Having a positive test result could be detrimental in other ways. If an employer would find out, persons living with HIV could loose their jobs--both from unfounded fears of transmission in the workplace, and the employers' more realistic fear that having an HIV-positive employee would increase a company's health insurance premiums.
At the time, I had been positive a little over a year, and I saw my CD4 count drop from a robust and healthy high 800s to an AIDS-defining less than two hundred. There were no physical signs of the virus, but inside I felt like I was in the cockpit of a race car, speeding straight for a brick wall. I could chart out the decline of my T-cells, and had months to go before the line reached zero. When the news came from Vancouver, it felt like that brick wall exploded in front of me, and by the luck of being born in the right country at the right time, I was given a reprieve. A few years later I got a dog, because for the first time I felt like I would outlive a dog.
Like the last Vancouver conference, it feels like we now have the power to change the course of the pandemic. Twenty years ago, it was about stopping the virus in bodies, and turning HIV into a chronic, manageable condition. Today we have the tools to keep negative folks from acquiring HIV and positive folks from transmitting it. And without having to wait for another miracle down the pipeline, we can end this with the tools we have today.
Back in the days of Ryan White funded services, getting access to HIV care was a pretty straight forward affair. As long as you made less than $44,000 a year, all of the your cost of care was covered. Ryan White funding included help for housing, food, dental care, transportation and more. We learned that if folks had stable housing, access to mental health and drug treatment programs, they did better medically. The one problem with Ryan White services was that they only covered HIV and related care. If you broke your leg or had some other non-HIV medical issue, you were out of luck.
Now with the advent of the Affordable Care Act (ACA or Obamacare), out patients have access to the full spectrum of medical services. As part of these changes, existing programs like MediCal and Medicare are now providing HMO type health insurance. Covered California, our local version of Obamacare, also offers HMO style choices.
For many of the CARE Program's patients, they've never had to navigate the complexities of an HMO plan. They could come directly to the CARE Clinic and receive services. Rather than MediCal paying the patient's medical bills directly, MediCal now pays insurance companies. Patients are required to have a primary care doctor that refers them to HIV specialty care, and the insurance companies first need to authorize the services. The insurance companies don't contract directly with doctors; instead they contract with medical groups, and if you see several specialists, they now have to belong to the same medical group.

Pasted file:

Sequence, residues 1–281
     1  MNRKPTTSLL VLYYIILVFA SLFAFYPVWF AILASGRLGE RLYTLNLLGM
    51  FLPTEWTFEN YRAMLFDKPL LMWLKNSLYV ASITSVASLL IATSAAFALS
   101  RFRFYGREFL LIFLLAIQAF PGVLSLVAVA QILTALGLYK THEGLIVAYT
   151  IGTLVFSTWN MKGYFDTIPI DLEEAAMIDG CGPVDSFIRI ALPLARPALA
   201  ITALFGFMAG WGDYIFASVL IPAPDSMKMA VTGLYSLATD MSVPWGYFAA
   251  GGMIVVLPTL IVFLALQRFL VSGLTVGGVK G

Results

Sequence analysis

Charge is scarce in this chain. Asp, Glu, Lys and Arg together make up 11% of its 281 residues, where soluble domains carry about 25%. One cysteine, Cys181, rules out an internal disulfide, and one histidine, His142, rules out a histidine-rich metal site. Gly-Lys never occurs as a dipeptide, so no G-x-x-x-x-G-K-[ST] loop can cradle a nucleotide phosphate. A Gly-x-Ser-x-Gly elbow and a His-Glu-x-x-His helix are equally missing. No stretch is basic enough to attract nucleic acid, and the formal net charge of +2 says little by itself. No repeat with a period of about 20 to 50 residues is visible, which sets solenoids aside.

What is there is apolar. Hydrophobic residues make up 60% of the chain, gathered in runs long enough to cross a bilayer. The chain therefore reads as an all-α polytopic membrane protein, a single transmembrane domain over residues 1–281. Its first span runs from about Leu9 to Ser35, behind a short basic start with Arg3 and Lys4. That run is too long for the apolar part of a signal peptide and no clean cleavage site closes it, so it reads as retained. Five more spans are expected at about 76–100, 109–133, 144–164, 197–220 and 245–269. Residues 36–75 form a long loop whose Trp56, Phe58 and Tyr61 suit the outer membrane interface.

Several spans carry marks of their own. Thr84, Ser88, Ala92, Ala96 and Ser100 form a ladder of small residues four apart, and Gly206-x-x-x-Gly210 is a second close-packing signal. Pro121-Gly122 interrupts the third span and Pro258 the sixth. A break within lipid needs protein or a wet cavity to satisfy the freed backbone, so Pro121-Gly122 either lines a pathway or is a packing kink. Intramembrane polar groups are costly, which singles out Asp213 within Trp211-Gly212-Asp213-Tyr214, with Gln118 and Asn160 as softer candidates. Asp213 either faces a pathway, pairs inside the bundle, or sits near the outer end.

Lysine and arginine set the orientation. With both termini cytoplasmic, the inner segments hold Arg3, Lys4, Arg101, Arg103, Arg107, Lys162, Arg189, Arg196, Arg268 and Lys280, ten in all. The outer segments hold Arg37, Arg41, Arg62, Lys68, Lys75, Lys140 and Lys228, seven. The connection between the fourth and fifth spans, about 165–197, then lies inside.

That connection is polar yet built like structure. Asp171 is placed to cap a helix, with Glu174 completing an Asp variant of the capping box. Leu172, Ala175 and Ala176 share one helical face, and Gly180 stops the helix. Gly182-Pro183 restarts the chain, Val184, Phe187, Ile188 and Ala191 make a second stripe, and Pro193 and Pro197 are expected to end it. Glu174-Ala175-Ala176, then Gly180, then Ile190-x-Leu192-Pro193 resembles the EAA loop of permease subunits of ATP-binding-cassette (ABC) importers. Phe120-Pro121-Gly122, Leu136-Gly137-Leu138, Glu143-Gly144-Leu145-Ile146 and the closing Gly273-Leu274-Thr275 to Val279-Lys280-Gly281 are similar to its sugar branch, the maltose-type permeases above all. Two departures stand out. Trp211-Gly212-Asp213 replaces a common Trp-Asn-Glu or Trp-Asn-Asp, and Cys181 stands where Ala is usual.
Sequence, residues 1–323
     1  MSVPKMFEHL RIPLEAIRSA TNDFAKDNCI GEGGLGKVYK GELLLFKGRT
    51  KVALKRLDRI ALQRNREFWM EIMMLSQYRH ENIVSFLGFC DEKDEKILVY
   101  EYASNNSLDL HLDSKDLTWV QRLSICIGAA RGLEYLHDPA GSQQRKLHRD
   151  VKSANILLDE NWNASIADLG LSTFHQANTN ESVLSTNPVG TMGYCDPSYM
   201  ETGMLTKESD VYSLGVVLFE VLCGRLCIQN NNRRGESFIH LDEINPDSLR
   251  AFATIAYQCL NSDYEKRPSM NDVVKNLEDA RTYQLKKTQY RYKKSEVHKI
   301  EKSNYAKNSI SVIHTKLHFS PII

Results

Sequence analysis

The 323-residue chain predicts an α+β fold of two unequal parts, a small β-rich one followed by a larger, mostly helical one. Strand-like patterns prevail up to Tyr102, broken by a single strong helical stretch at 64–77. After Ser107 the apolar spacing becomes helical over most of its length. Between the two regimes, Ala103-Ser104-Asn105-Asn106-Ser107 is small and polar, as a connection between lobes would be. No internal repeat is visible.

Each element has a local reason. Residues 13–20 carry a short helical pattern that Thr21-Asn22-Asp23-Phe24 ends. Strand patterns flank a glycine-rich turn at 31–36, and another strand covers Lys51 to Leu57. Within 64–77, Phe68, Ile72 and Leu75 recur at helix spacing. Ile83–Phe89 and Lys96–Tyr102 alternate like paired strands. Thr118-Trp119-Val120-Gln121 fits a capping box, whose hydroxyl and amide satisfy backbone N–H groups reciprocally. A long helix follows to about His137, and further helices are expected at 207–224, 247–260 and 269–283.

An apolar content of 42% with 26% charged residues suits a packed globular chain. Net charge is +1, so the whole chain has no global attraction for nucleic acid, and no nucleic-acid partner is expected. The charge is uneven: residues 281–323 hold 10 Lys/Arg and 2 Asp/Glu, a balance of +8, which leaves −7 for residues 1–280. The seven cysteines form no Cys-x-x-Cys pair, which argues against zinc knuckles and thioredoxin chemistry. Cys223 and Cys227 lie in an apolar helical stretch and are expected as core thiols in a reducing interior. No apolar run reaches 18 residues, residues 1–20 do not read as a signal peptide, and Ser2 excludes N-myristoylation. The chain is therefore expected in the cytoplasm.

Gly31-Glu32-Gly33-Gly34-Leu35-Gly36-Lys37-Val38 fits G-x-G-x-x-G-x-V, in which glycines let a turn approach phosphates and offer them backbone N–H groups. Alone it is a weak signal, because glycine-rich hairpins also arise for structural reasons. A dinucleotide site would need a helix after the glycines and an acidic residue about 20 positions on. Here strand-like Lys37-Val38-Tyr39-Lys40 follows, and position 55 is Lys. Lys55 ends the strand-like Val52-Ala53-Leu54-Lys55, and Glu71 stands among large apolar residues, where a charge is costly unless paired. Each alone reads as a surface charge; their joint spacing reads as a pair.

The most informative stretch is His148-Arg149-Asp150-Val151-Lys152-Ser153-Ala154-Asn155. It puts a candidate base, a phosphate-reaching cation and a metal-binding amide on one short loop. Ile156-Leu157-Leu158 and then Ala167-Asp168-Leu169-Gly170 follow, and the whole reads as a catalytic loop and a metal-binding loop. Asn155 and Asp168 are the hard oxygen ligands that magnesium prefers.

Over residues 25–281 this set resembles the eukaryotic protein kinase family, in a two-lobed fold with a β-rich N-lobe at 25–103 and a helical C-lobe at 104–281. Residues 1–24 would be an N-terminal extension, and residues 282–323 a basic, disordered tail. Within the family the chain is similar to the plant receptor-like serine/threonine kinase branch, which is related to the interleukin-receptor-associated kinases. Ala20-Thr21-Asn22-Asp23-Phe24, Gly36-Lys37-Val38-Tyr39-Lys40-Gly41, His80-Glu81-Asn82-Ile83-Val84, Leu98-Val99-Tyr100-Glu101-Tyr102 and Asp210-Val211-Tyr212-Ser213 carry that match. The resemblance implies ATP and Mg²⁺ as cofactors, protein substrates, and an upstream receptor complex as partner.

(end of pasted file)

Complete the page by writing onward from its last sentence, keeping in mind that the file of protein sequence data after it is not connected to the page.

Over the years, we've learned in HIV care that having a case manager, social worker, or nurse advocate for the patient makes for better health outcomes. Now more than ever, patients need help navigating the insurance and healthcare system.
To that end, CARE will be offering a benefits forum, so that clients can learn more about changes in their healthcare, sign up for programs that allow them to continue to see their specialists, and ask questions of experts in benefits, health insurance, and government programs. The forum will take place on Friday, April 24th from 11:00 to 2:00 pm on the campus of St. Mary Medical Center.
The forum takes place in the Parr Building, located between the parking structure and the CARE Dental Clinic. If you'd like to attend, call Jay Villareal at (562) 624-4987. Lunch will be provided.
Join us on Saturday, April 25th for a festive evening featuring selections of fine wines, paired with savory hors d'oeuvres and delicious deserts!
4:00 p.m. to 7:00 p.m.
Hosted by Keir Jones and T.M. Dileva
Signal Hill, CA 90755
The C.A.R.E. 21 Society was formed to raise awareness and funding for the most comprehensive HIV/AIDS program in Long Beach and the South Bay. A program which has been called the "Gold Standard" in HIV care. Guests at Spring for C.A.R.E! are asked to renew or become a new member of the C.A.R.E. 21 Society by contributing $500 or more per year ($41.67 per month).
All funds raised through C.A.R.E. 21 Society members are used to support unfunded C.A.R.E. programs and services, including, unmet needs of our medical case management for clients with advanced HIV/AIDS, our medical and dental clinics, mental health services, and the C.A.R.E. food pantry. In addition to recognition in St. Mary Medical Center Foundation's annual report, C.A.R.E. 21 Society members receive complimentary tickets for themselves and a guest to attend the St. Mary Medical Center Foundation 21 Society Dinner.
If you would like to join or renew your membership in C.A.R.E. 21 Society and attend Spring for C.A.R.E!, RSVP by April 20th to Kimberly Eclarino at (562) 491-9225 or Kimberly.Eclarino@DignityHealth.org.
Thank you for your support!
Spring for C.A.R.E. 2015 Honorary Committee:
Foodies and restaurateurs will convene at the Long Beach Musuem of Art on Sunday, Aug. 17 for the C.A.R.E. to Dine Kickoff Party. The reception-by-the-sea provides local restaurateurs with an introduction to the community of diners who will soon make serious lunch and dinner plans for the upcoming annual C.A.R.E. to Dine fundraiser on Sept. 25.
Participating restaurants throughout Long Beach have agreed to donate 20 percent or more of each patron’s bill on C.A.R.E. to Dine Day, Sept. 25 to the C.A.R.E. Program, the only regional comprehensive HIV health service.
The C.A.R.E. Program provides high-quality health and social services for HIV/AIDS-infected and affected individuals and families in a manner that is professional and compassionate, recognizing the dignity and autonomy of each individual.